# Transforming uniform random variables to other distributions

## Idea

It is common to have a low-level Random number generator which generates uniform variates on $[0,1)$ and generate variates from other distributions by “processing” those variables. One very flexible but memory-intensive approach is to use look-up tables to convert them. For some distributions a simpler mathematical transformation method can be used. We list some of the most common below. In what follows, lowercase letters denote pseudo-random numbers on $[0,1)$.

### Normal distribution

1. Generate $u$ and $v$ and set $U=2u-1$, $V=2v-1$.
2. Set $W=U^2+V^2$. If $W \gt 1$ restart from 1.
3. Set $A=\sqrt{(-2\log W)/W}$.
4. Values $T_1=U A$ and $T_2=V A$ are two independent variates from the Normal/Gaussian distribution.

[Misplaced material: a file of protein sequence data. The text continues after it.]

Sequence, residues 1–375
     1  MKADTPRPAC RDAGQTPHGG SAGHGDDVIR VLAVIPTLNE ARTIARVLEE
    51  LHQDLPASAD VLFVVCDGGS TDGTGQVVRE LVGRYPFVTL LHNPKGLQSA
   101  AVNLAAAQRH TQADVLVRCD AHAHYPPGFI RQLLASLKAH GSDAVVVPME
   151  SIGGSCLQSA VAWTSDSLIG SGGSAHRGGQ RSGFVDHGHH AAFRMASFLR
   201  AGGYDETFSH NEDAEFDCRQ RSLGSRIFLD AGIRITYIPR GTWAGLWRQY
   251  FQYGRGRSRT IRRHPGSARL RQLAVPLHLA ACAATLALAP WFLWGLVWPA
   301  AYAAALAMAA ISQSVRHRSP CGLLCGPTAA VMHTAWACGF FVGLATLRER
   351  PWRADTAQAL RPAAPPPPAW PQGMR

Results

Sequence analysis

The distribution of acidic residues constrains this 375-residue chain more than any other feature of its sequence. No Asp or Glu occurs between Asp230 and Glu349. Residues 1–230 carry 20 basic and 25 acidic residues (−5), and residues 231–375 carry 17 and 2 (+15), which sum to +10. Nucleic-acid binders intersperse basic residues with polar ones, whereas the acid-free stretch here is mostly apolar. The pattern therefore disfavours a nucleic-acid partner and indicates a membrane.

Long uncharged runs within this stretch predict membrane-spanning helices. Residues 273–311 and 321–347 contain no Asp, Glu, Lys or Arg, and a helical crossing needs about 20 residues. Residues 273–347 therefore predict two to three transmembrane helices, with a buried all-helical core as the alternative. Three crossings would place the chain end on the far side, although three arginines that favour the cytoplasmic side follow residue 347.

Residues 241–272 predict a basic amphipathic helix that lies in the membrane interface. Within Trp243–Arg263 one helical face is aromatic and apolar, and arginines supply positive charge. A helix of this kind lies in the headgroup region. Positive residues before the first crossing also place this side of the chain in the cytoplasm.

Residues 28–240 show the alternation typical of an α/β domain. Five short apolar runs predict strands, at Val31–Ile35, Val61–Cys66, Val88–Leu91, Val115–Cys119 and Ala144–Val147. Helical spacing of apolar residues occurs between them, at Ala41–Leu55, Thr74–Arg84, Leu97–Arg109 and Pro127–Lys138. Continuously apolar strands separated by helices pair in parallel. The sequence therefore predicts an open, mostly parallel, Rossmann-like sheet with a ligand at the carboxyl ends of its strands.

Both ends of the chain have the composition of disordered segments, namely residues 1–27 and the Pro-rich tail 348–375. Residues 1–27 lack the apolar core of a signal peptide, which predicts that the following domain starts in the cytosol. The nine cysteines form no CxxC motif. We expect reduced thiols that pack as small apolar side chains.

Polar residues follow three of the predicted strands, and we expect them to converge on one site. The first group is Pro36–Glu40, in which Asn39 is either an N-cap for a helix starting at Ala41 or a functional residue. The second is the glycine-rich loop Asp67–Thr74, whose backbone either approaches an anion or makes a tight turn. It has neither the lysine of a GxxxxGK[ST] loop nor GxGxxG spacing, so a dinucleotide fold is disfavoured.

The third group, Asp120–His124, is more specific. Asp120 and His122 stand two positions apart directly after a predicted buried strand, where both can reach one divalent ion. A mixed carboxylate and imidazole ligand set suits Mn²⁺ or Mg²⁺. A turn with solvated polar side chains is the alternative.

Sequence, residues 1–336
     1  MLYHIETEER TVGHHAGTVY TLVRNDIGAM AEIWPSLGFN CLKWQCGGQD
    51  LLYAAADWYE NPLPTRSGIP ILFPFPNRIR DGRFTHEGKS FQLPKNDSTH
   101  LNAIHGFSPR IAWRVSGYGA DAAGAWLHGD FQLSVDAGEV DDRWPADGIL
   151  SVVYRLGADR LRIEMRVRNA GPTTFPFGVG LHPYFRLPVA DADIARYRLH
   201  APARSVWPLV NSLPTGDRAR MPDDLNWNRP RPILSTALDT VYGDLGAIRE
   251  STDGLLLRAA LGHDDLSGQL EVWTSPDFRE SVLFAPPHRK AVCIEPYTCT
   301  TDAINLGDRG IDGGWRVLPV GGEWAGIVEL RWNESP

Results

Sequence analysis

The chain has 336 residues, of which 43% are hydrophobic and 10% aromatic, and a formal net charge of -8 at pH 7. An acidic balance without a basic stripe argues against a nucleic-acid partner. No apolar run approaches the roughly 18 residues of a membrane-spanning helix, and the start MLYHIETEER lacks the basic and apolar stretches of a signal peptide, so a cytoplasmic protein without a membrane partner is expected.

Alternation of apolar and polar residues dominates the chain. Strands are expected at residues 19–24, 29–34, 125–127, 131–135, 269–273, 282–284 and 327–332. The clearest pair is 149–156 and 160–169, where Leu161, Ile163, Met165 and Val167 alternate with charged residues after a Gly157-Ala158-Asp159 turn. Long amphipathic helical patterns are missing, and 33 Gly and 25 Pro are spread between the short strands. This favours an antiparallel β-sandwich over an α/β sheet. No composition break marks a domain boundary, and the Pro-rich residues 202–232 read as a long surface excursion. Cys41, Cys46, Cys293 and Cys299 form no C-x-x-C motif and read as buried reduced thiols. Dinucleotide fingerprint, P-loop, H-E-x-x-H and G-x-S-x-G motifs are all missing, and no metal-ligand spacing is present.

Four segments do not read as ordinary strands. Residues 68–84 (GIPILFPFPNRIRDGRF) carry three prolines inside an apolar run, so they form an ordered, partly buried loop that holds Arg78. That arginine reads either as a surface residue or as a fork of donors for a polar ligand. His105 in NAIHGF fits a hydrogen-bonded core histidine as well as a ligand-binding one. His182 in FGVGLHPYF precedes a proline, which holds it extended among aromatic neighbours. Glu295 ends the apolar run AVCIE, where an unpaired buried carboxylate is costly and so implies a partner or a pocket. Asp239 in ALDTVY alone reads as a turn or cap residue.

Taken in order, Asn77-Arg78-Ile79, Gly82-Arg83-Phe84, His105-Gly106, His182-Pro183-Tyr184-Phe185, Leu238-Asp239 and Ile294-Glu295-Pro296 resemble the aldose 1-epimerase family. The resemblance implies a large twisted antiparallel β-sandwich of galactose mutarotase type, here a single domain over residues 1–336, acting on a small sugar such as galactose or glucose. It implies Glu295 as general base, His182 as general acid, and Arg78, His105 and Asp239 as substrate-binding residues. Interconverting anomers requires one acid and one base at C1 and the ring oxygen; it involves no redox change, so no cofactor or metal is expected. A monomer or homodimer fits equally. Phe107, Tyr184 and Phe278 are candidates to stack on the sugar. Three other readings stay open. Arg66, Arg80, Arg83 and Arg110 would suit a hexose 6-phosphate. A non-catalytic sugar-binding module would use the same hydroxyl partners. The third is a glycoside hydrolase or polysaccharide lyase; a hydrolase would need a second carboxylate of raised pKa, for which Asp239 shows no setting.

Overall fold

### Multivariate normal distribution

1. Use the above method to generate $N$ independent standard normal random numbers (samples from $N(0,1)$), forming an $N$-vector $X$.
2. Set $V = LX + \mu$, where $L$ is the left Cholesky factor of the multivariate normal covariance matrix $\Sigma$ ($\Sigma\equiv LL^T$), and $\mu$ is the multivariate normal mean vector. The vector $V$ is a random sample from the distribution $N(\mu,\Sigma)$.

### Student-$t$ distribution with $n$ degrees of freedom

1. Generate $u$ and $v$ and set $U=2u-1$, $V=2v-1$.
2. Set $W=U^2+V^2$. If $W \gt 1$ restart from 1.
3. Value $T=U\sqrt{n \frac{W^{-2/n}-1}{W}}$ is from the Student-$t$ distribution with $n$ degrees of freedom.

### Cauchy distribution

1. Generate $u$ and $v$ and set $U=2u-1$, $V=2v-1$.
2. Set $W=U^2+V^2$. If $W \gt 1$ restart from 1.
3. Value $T=U\sqrt{\frac{W^{-2}-1}{W}}$ is from the Cauchy distribution.

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